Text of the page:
Motte and bailey is a technique by which one protects an interesting but hard-to-defend view by making it similar to a less interesting but more defensible position. Whenever the more interesting position - the bailey - is attacked - one retreats to the more defensible one - the motte -, but when the attackers are gone, one expands again to the bailey.
In that case, one and the same person switches between two interpretations of the original claim. Here, I rather want to focus on situations where different people make different interpretations of the original claim. The originator of the claim adds a number of caveats and hedges to their claim, which makes it more defensible, but less striking and sometimes also less interesting.* When others refer to the same claim, the caveats and hedges gradually disappear, however, making it more and more motte-like.
A salient example of this is that scientific claims (particularly in messy fields like psychology and economics) often come with a number of caveats and hedges, which tend to get lost when re-told. This is especially so when media writes about these claims, but even other scientists often fail to properly transmit all the hedges and caveats that come with them.
Since this happens over and over again, people probably do expect their hedges to drift to some extent. Indeed, it would not surprise me if some people actually want hedge drift to occur. Such a strategy effectively amounts to a more effective, because less observable, version of the motte-and-bailey-strategy. Rather than switching back and forth between the motte and the bailey - something which is at least moderately observable, and also usually relies on some amount of vagueness, which is undesirable - you let others spread the bailey version of your claim, whilst you sit safe in the motte. This way, you get what you want - the spread of the bailey version - in a much safer way.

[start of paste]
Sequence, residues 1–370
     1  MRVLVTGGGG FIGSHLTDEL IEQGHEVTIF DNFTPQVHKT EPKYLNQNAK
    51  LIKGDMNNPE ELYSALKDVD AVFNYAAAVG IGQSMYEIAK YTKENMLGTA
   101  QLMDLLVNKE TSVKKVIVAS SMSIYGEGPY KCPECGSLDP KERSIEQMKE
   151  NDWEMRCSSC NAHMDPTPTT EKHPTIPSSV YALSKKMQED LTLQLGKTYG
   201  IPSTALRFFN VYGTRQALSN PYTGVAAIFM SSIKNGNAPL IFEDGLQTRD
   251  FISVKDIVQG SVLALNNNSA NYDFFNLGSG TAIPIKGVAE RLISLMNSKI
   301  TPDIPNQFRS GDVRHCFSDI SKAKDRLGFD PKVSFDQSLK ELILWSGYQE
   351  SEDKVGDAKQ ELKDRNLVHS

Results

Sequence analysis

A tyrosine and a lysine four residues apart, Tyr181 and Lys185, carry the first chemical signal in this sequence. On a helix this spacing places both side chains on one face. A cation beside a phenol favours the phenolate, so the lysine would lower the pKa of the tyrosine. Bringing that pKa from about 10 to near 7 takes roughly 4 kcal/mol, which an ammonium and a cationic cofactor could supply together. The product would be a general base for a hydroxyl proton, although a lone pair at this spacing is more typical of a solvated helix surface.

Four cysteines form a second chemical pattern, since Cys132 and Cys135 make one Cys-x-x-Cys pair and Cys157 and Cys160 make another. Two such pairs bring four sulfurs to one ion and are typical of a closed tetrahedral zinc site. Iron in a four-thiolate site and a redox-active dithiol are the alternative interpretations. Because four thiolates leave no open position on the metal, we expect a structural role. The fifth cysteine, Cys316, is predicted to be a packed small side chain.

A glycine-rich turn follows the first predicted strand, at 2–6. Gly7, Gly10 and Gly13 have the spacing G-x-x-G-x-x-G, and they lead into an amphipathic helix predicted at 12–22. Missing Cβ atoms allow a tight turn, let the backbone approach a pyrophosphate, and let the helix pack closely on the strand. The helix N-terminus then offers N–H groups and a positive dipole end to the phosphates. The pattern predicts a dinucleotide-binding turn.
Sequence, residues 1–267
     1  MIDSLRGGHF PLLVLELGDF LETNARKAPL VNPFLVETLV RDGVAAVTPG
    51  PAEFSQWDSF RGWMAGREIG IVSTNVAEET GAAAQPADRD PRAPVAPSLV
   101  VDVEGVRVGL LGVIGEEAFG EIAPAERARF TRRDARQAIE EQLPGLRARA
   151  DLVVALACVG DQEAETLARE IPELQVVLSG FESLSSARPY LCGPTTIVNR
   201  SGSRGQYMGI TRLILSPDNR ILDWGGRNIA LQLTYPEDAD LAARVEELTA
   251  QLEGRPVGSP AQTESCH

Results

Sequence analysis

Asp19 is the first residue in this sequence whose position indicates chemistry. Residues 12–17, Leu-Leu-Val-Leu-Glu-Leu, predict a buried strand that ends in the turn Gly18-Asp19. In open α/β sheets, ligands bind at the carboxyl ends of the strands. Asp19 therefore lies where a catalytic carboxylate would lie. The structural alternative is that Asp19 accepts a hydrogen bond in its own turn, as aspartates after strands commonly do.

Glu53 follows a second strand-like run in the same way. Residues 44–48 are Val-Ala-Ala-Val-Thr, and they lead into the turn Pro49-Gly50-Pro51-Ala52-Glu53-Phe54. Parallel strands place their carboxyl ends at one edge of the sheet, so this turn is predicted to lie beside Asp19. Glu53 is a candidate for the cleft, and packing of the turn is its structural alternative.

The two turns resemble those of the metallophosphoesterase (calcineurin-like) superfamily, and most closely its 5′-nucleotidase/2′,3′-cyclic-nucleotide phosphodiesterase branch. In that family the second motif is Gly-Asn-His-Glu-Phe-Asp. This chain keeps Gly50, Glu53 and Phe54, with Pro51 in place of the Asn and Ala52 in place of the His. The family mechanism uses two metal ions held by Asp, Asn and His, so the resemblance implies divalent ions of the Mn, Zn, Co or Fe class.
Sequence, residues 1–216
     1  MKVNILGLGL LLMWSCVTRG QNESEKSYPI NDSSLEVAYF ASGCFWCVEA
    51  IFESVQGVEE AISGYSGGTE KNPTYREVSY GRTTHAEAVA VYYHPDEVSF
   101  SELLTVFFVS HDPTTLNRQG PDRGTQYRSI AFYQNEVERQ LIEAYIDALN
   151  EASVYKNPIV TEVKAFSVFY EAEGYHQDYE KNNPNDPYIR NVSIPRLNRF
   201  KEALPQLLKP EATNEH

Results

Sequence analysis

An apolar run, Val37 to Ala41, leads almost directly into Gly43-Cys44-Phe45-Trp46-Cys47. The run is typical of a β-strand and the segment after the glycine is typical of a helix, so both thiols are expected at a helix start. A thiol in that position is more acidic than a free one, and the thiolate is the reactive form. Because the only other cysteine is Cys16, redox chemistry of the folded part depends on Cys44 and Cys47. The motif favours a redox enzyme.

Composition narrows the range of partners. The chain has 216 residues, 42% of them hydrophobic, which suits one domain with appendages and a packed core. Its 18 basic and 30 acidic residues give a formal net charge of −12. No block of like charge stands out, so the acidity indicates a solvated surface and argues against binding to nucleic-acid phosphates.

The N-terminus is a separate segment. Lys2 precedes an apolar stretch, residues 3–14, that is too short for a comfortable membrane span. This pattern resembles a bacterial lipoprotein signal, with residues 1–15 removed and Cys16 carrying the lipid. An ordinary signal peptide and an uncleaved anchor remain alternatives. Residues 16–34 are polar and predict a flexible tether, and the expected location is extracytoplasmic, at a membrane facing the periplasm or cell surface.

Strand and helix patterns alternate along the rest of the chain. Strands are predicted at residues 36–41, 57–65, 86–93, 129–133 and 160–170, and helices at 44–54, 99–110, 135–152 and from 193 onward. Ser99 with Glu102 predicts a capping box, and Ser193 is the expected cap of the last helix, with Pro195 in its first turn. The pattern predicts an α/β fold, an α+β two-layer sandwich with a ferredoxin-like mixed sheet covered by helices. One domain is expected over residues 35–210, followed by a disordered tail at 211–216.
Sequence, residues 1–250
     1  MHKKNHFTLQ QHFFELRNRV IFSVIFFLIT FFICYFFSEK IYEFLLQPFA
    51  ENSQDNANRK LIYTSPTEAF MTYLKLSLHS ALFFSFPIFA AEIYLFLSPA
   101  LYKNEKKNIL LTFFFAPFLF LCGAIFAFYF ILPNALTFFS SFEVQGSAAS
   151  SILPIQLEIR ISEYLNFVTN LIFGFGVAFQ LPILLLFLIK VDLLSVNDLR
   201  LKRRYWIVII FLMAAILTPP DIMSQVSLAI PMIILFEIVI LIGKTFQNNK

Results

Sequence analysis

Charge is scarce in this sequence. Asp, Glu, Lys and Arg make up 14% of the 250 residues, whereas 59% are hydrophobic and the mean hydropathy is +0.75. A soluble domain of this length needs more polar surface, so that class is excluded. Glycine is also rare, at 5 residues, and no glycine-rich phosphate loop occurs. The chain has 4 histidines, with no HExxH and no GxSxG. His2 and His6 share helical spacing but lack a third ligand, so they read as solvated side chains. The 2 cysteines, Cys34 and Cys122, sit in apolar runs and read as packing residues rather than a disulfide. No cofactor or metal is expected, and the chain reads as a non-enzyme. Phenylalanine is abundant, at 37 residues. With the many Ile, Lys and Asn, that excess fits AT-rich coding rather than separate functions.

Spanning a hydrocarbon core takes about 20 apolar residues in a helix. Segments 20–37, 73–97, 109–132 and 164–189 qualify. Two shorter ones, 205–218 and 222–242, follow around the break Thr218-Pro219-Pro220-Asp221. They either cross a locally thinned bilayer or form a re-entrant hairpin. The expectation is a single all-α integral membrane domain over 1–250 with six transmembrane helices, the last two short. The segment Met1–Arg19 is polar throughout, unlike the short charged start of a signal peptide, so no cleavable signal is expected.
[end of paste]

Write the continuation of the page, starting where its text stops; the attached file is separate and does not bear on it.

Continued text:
Even when people don't use this strategy intentionally, you could argue that they should expect hedge drift, and that omitting to take action against it is, if not ouright intellectually dishonest, then at least approaching that. This argument would rest on the consequentialist notion that if you have strong reasons to believe that some negative event will occur, and you could prevent it from happening by fairly simple means, then you have an obligation to do so. I certainly do think that scientists should do more to prevent their views from being garbled via hedge drift.
Another way of expressing all this is by saying that when including hedging or caveats, scientists often seem to seek plausible deniability ("I included these hedges; it's not my fault if they were misinterpreted"). They don't actually try to prevent their claims from being misunderstood.
What concrete steps could one then take to prevent hedge-drift? Here are some suggestions. I am sure there are many more.
- Many authors use eye-catching, hedge-free titles and/or abstracts, and then only include hedges in the paper itself. This is a recipe for hedge-drift and should be avoided.
- Make abundantly clear, preferably in the abstract, just how dependent the conclusions are on keys and assumptions. Say this not in a way that enables you to claim plausible deniability in case someone misinterprets you, but in a way that actually reduces the risk of hedge-drift as much as possible.
- Explicitly caution against hedge drift, using that term or a similar one, in the abstract of the paper.
* Edited 2/5 2016. By hedges and caveats I mean terms like "somewhat" ("x reduces y somewhat"), "slightly", etc, as well as modelling assumptions without which the conclusions don't follow and qualifications regarding domains in which the thesis don't hold.